Kathleen Fraser (1935-2019)
Kathleen Fraser, beloved poet, essayist, and professor of writing at San Francisco State University, died on February 5, 2019, in Emeryville, California, of natural causes.
Known for her remarkable body of work—encompassing more than a dozen collections of poetry, seven collaborative artist’s books, a volume of essays, and her landmark editorial work championing women writers—Kathleen Fraser made a unique, unparalleled contribution to American literature. She saw her work as “making textures and structures of poetry in the tentative region of the untried.” Or as The New York Times said: “Fraser inhabits a room unquestionably her own, outside any school of poetry.”
Born in Tulsa, Oklahoma on March 22, 1935, Fraser attended Occidental College in Los Angeles before moving to New York City to work as an editorial associate for Mademoiselle magazine, pursuing her poetic studies with Stanley Kunitz and Kenneth Koch. At this time, she began to meet a number of poets associated with Black Mountain, The Objectivists, and the New York School. Among these poets, those to have most important influence on her work were Frank O’Hara, Barbara Guest, and George Oppen. She later counted the works of Lorine Niedecker, Charles Olson, and Basil Bunting as having a serious impact on her poetics.
Her first book, Change of Address, was published by Kayak Press in 1966. She went on to publish another dozen poetry collections, including What I Want (1974), New Shoes (1978), Each Next, narratives (1980), Something (even human voices) in the foreground, a lake (1984), Notes Preceding Trust (1987), When New Time Folds Up (1993), il cuore : the heart, Selected Poems, 1970-1995 (1997), and movable TYYPE (2011). She collaborated on seven artist books, including boundayr, with Sam Francis, and ii ss, with Hermine Ford. She wrote a children’s book, Stilts, Somersaults, and Headstands: Game Poems Based on a Painting by Peter Breughel, published in 1968. A collection of her essays, Translating the Unspeakable: Poetry and the Innovative Necessity, was published in 2000. Dear Kathleen: On the Occasion of Kathleen Fraser’s 80th Birthday, a book of essays honoring her work and career, was published in 2017. Her Collected Poems is forthcoming from Nightboat Books.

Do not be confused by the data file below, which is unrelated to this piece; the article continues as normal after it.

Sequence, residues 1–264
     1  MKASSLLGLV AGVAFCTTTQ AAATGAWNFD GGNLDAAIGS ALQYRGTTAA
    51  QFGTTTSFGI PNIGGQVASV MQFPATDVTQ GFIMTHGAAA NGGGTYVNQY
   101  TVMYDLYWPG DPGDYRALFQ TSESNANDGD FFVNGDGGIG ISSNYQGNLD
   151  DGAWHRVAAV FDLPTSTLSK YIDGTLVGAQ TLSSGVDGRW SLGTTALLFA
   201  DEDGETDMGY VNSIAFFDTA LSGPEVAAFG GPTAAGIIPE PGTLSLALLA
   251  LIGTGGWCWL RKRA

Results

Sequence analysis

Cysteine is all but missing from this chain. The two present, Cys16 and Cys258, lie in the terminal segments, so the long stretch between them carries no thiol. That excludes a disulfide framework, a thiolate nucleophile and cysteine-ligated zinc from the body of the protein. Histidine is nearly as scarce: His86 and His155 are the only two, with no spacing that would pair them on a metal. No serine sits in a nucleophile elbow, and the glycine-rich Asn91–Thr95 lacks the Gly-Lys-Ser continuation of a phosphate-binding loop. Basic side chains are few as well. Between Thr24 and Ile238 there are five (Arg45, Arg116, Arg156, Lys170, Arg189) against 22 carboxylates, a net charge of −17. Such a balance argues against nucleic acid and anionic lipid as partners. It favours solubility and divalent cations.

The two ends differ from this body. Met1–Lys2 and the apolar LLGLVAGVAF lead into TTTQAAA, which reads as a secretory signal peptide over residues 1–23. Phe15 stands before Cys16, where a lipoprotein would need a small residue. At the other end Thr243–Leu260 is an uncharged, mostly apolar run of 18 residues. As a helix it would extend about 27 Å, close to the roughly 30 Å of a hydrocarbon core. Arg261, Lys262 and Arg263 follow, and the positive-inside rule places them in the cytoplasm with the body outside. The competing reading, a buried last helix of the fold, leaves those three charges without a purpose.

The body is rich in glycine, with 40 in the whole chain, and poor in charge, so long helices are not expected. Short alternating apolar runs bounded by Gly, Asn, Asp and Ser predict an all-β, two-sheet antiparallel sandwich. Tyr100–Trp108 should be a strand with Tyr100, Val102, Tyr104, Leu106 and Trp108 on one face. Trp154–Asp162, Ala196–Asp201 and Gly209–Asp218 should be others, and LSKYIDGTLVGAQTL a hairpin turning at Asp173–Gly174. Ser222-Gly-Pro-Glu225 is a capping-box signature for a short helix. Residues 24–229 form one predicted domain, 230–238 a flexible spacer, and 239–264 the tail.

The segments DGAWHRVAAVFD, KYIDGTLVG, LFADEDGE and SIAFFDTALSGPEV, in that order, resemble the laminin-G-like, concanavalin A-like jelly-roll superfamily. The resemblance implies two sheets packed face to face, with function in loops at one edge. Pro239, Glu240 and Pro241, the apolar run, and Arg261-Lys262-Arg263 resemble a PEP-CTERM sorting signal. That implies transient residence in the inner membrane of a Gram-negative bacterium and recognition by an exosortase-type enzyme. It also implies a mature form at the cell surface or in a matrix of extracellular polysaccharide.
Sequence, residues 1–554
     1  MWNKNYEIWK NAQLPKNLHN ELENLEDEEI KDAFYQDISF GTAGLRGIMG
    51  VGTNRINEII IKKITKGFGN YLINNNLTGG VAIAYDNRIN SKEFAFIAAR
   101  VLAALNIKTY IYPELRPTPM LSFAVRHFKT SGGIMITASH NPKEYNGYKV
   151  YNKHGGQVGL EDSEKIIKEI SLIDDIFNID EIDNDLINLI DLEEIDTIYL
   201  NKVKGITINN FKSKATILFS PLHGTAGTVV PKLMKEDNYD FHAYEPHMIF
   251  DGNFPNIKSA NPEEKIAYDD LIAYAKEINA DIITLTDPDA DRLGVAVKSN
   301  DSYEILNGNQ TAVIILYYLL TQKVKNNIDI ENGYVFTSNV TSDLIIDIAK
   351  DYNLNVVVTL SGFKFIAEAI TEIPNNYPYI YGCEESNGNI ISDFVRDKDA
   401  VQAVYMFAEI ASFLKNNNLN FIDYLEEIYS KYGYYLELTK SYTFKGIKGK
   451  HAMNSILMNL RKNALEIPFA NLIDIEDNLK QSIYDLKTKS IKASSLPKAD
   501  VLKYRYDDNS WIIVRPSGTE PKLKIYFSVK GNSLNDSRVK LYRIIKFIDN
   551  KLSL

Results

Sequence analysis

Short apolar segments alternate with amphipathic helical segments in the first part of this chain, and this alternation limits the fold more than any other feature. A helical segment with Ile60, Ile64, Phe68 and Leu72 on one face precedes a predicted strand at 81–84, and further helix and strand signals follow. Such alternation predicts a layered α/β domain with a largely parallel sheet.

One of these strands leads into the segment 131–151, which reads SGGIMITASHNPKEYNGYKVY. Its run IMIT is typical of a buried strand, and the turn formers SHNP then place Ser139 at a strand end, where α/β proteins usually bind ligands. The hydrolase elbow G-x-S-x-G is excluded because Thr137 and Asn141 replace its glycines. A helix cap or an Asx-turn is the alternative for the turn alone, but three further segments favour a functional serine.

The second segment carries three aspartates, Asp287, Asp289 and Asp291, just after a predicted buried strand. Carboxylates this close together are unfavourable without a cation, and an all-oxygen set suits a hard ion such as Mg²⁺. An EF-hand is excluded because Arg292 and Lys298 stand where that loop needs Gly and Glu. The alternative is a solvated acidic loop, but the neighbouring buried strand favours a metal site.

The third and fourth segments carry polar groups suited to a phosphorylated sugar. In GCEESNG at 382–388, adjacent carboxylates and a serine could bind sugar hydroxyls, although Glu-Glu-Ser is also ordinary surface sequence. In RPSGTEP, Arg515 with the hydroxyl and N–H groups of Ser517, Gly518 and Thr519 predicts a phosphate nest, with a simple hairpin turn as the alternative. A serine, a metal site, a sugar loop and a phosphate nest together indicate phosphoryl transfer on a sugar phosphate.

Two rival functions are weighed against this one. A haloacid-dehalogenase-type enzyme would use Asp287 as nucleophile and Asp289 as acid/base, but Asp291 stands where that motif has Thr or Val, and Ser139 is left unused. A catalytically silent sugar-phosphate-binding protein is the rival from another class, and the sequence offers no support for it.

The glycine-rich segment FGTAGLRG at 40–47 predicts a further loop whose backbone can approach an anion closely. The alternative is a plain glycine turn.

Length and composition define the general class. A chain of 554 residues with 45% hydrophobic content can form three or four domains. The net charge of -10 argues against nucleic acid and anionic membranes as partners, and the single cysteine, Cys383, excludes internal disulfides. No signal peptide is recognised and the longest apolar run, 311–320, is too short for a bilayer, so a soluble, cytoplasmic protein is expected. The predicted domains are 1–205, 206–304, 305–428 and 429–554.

From 1972 to 1992, Fraser was a professor of creative writing at San Francisco State University, where she served as director of its Poetry Center, founded its American Poetry Archives, and wrote and narrated the video “Women Working in Literature.” She also taught at the University of Iowa, Reed College, and in the graduate writing program of California College of the Arts in San Francisco.
In the early 1980s, she founded and edited the journal HOW(ever), focused on publishing innovative writing by contemporary women and reprinting work by modernist women writers. Fraser was the recipient of two N.E.A. Poetry Fellowships and a Guggenheim Fellowship in Poetry that took her to Italy in 1981, unexpectedly turning her into a part-time resident of Rome, where she lived every spring with her husband, Arthur Bierman. He survives her, as do her son, David Marshall; sister, Anne Bagwell; brother, Jim Fraser; and niece, Beth Bagwell.